At the book signing there was no police protection for Dr. King and the first police officers who responded to the scene, Al Howard and Phil Romano, were nearby in their police car when they received a report of a disturbance at Blumstein’s. They arrived to see King sitting in a chair with the steel letter opener protruding from his chest. Officer Howard told King, “Don’t sneeze, don’t even speak.”

Officer’s Howard and Romano escorted Dr. King, still in the chair, down to an ambulance and rushed him to Harlem Hospital. After waiting for the proper surgical team to arrive to perform the delicate operation, the Chief of Surgery Aubre Maynard attempted to pull out the letter opener, but cut his glove on the blade. At 6:30 pm Dr. King underwent a two and a quarter hour operation. A surgical clamp was finally used to pull out the blade.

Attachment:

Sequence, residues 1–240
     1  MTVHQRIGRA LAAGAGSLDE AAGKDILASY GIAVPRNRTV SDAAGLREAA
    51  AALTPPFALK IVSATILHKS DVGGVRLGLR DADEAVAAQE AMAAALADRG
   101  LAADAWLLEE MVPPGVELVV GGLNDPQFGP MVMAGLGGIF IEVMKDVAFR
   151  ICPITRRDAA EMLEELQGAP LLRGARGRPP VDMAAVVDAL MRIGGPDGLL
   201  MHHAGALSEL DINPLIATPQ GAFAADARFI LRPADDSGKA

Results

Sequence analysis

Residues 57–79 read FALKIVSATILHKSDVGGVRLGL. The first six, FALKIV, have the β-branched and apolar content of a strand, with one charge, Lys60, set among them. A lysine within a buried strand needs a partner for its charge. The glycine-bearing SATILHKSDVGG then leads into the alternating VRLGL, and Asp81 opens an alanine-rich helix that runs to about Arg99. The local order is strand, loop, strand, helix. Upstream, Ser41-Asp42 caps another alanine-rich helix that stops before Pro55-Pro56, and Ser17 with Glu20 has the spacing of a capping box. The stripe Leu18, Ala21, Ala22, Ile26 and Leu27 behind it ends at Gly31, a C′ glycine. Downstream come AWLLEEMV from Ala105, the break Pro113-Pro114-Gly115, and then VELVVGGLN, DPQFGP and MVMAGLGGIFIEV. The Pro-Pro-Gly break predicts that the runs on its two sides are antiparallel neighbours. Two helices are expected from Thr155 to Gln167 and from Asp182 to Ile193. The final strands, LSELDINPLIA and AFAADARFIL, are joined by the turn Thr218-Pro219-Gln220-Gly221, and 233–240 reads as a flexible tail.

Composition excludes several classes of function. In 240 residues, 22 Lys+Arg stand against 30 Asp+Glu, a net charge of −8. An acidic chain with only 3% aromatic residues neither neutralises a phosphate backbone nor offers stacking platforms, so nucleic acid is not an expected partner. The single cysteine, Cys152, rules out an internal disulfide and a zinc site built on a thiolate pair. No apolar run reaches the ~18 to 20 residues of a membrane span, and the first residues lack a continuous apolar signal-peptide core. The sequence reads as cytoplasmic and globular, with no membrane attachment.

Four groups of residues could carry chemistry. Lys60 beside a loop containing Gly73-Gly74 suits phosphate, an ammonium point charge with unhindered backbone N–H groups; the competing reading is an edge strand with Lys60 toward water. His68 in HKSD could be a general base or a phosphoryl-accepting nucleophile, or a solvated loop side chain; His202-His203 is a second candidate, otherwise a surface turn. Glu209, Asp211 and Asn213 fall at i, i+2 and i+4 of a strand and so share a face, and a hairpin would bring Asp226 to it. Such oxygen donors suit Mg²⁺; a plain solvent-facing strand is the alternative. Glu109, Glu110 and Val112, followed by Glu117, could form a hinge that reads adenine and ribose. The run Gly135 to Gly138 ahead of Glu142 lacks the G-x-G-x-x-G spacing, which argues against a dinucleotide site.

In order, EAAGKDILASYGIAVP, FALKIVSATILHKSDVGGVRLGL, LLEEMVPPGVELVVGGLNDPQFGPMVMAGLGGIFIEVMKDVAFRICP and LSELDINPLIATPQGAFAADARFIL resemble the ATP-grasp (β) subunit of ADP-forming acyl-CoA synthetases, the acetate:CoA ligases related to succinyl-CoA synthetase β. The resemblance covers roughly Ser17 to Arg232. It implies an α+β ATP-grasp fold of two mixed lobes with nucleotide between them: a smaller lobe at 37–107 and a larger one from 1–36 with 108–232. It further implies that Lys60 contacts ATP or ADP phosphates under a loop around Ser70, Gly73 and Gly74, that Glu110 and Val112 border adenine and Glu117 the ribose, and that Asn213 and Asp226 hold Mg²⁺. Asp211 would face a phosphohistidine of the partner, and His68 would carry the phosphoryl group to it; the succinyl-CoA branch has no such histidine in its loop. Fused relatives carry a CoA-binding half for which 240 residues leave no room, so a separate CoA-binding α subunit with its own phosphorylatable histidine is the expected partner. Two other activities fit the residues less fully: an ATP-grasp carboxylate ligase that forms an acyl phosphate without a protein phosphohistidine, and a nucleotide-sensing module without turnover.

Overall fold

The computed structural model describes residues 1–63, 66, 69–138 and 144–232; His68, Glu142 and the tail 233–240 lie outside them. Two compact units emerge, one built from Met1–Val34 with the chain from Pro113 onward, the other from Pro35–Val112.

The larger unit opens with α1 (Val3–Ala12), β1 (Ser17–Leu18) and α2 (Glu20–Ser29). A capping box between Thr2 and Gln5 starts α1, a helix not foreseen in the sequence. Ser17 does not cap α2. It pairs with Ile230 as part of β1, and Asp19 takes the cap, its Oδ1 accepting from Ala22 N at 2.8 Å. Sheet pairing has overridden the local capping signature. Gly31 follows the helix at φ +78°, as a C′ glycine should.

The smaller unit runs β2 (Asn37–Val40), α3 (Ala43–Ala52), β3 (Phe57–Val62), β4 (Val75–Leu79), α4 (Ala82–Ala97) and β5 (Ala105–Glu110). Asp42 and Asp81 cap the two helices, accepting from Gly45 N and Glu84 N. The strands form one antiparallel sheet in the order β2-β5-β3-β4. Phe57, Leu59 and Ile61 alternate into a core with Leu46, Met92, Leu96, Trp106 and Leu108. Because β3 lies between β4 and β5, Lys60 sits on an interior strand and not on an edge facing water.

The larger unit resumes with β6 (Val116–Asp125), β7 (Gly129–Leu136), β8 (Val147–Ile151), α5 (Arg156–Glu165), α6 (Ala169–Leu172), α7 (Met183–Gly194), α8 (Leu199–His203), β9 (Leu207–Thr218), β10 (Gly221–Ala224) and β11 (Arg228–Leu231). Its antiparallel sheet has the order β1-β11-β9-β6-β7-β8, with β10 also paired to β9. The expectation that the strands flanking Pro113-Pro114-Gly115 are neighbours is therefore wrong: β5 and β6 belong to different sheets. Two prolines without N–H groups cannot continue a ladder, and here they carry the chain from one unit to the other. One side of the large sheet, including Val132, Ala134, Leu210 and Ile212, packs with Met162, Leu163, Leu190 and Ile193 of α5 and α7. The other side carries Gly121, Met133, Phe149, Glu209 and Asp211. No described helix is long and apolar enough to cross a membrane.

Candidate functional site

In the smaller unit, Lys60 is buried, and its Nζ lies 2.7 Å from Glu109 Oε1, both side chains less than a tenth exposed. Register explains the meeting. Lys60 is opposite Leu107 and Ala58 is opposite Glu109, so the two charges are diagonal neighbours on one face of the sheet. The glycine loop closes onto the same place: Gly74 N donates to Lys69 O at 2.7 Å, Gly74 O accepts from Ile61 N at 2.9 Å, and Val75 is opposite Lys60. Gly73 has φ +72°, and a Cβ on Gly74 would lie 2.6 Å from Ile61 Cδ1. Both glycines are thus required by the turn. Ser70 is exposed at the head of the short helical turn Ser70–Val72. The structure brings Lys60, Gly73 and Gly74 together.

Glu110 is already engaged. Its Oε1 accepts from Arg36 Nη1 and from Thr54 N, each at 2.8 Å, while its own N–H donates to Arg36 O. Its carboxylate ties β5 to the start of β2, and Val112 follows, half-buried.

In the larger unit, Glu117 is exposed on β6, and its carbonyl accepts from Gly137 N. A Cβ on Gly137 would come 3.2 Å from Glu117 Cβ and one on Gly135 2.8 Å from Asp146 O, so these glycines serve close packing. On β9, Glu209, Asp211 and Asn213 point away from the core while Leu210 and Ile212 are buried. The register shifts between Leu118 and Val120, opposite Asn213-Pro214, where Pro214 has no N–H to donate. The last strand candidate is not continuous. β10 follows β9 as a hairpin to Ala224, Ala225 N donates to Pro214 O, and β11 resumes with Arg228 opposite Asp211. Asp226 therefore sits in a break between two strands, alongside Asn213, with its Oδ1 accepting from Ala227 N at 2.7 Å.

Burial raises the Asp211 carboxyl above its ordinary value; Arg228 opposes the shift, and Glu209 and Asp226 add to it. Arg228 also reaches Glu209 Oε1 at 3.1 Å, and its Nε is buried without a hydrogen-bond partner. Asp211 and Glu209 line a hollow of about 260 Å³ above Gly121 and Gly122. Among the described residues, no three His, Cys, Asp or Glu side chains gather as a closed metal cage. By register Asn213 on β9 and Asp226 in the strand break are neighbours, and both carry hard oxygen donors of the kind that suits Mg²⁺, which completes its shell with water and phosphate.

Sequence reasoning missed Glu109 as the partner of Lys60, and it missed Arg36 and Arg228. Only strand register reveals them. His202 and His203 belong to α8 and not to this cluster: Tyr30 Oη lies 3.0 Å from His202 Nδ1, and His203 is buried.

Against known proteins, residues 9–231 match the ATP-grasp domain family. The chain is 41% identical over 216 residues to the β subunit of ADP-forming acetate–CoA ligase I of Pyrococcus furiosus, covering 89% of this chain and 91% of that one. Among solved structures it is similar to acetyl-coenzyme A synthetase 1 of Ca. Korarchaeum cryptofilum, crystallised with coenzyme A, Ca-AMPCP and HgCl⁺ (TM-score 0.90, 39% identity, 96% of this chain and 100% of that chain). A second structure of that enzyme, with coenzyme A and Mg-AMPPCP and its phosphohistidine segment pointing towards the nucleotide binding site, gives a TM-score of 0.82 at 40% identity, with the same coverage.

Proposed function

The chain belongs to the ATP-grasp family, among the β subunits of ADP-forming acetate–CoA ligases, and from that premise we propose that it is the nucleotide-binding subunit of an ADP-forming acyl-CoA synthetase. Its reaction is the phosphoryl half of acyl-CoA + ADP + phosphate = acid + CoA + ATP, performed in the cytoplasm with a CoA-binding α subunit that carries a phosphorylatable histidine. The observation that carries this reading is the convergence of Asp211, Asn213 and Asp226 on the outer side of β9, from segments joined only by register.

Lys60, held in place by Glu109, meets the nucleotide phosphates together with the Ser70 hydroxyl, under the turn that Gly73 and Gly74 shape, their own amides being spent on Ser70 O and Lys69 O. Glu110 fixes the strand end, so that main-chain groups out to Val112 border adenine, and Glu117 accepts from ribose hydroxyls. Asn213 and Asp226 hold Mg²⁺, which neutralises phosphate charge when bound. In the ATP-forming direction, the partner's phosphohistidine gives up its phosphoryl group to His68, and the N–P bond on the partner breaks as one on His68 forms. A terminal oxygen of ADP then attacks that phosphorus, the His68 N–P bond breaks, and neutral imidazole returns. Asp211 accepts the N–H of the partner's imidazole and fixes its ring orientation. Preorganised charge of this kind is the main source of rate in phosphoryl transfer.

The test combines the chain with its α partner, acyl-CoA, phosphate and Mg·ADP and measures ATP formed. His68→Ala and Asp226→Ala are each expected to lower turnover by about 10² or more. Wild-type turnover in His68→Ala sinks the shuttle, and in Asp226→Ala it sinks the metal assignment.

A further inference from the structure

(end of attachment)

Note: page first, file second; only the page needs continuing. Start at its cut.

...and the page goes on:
After the surgery Dr. King was listed in critical condition. He contracted pneumonia while convalescing, but recovered completely and was released from the hospital two weeks after the attack.

In his posthumously published autobiography King wrote, “Days later,when I was well enough to talk with Dr. Aubre Maynard, the chief of the surgeons who performed the delicate, dangerous operation, I learned the reason for the long delay that preceded surgery. He told me that the razor tip of the instrument had been touching my aorta and that my whole chest had to be opened to extract it. ‘If you had sneezed during all those hours of waiting,’ Dr. Maynard said, ‘your aorta would have been punctured and you would have drowned in your own blood.'” Continue reading